Of course the pros and cons of vaccination should be given careful thought. But if you consider that a child is far more likely to be seriously injured by an infectious disease than by a vaccine, the benefits of getting your child vaccinated far outweigh the risks.57
By choosing not to vaccinate a child, some parents may be hoping that their child won't be exposed to the disease. But it's important to remember that we live in a global society. This country may not have seen polio in more than 10 years, but people fly in and out of the United States everyday. Just 1 infected traveler could set us back more than 50 years if our own population isn't protected. This is why it's so important to keep vaccinating our children.9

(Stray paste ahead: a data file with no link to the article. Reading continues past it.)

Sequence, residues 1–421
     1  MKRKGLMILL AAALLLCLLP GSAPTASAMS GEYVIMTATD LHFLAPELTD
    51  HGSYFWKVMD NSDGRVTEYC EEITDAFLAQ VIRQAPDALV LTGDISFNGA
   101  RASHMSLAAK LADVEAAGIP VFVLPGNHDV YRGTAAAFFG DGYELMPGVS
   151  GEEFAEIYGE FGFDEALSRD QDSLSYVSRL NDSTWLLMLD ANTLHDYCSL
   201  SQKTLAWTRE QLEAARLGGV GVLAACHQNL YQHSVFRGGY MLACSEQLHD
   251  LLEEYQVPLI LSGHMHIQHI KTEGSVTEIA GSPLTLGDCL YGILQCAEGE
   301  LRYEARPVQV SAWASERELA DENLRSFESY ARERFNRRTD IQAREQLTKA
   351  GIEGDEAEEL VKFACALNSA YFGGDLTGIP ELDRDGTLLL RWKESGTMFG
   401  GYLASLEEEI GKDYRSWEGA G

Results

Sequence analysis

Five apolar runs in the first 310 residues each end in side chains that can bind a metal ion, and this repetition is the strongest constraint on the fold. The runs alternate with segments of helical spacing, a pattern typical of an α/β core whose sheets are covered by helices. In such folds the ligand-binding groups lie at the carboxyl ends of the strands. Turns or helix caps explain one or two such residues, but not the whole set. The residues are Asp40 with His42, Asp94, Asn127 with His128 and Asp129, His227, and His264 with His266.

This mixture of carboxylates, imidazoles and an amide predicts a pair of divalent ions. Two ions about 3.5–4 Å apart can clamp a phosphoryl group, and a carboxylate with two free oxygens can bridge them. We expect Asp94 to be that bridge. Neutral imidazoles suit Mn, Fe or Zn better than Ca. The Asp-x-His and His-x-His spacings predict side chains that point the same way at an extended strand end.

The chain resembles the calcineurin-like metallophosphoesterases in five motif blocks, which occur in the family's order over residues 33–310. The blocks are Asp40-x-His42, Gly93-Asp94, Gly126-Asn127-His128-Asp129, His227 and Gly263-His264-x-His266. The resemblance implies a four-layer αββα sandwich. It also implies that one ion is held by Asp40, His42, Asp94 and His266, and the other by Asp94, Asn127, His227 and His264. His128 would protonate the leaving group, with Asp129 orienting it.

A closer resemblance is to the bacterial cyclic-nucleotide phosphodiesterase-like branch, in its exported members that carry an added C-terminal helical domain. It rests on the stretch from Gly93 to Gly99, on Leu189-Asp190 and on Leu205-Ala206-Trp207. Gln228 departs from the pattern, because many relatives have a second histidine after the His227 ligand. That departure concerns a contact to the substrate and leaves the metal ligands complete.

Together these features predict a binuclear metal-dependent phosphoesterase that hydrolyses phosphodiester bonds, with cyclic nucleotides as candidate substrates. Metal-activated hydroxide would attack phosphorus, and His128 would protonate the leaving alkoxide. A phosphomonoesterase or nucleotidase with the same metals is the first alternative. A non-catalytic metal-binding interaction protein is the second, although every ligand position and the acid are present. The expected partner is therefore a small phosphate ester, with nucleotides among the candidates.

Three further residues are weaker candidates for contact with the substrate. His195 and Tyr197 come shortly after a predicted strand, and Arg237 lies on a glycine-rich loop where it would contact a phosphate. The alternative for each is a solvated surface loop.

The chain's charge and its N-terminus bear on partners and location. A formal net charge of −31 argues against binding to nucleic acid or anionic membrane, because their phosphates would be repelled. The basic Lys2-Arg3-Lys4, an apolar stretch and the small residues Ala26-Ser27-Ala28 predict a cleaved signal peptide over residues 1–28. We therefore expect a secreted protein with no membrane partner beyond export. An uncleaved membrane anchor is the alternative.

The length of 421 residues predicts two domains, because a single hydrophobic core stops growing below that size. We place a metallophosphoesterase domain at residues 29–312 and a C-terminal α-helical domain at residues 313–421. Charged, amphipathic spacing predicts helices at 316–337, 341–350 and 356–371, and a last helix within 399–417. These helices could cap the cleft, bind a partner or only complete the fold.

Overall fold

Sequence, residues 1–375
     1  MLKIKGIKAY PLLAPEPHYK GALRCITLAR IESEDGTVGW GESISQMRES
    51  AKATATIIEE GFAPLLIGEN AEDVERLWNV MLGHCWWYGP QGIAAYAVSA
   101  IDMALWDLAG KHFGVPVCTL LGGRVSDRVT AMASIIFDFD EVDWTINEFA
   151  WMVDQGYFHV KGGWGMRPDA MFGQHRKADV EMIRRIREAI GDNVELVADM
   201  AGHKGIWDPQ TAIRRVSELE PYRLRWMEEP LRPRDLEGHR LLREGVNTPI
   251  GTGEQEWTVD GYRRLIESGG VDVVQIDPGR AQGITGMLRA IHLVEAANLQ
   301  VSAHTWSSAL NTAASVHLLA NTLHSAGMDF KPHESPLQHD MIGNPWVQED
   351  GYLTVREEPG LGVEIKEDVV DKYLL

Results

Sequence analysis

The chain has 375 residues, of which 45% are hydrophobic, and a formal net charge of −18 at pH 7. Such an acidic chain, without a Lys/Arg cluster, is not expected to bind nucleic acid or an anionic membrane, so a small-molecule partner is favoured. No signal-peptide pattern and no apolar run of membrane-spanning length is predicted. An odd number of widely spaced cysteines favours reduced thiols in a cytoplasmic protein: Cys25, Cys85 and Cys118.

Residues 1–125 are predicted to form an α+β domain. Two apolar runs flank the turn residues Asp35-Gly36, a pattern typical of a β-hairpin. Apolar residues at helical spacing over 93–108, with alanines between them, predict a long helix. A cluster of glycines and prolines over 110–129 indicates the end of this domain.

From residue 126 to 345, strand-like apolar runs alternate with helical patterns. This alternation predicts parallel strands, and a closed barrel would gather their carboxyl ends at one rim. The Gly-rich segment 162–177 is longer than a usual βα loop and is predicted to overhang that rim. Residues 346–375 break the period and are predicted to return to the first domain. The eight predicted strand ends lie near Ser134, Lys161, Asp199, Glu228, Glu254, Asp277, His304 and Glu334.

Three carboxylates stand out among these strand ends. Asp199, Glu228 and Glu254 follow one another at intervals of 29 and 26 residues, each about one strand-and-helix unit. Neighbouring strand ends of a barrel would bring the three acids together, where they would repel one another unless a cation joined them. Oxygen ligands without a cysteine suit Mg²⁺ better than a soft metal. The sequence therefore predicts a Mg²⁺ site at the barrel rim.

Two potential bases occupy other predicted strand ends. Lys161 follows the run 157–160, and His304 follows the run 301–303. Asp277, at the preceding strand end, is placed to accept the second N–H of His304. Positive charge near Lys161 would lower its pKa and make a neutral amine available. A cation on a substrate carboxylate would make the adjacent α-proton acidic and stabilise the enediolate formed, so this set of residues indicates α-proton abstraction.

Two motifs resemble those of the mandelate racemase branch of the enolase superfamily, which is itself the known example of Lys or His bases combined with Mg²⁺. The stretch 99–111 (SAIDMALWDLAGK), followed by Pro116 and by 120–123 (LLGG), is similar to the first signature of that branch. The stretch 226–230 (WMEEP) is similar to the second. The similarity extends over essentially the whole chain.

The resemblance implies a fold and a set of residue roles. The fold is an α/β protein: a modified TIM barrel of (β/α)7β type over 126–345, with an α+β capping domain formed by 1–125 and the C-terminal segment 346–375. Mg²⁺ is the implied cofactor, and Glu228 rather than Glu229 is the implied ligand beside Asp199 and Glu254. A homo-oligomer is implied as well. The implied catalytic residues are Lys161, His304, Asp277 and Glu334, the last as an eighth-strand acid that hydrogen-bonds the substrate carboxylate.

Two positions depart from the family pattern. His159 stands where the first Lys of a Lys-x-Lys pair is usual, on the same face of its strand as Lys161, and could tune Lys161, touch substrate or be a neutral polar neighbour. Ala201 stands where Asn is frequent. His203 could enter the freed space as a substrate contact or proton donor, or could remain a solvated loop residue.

You're not just helping to protect your own children by getting them vaccinated. You're helping to protect other children and adults in your community, too. This could be your school community, your playgroup community, your neighborhood, even your faith community.
For example, your community may have children who can't receive certain vaccines for medical reasons or because they're too young to be vaccinated. If these children are exposed to someone with an infectious disease, they can catch the disease. By getting immunized, your community could help protect these children from vaccine-preventable diseases by reducing the chance of these diseases spreading from person to person.
Let's consider a community where most people are immunized. Even if 1 child gets sick, the infection will likely not spread because it has nowhere to go. This phenomenon is called herd immunity.144 But if fewer people in a community are immune, it is easier for a disease to spread and lead to an outbreak. In fact, outbreaks of measles, mumps, and pertussis are occurring around the United States.12,57,155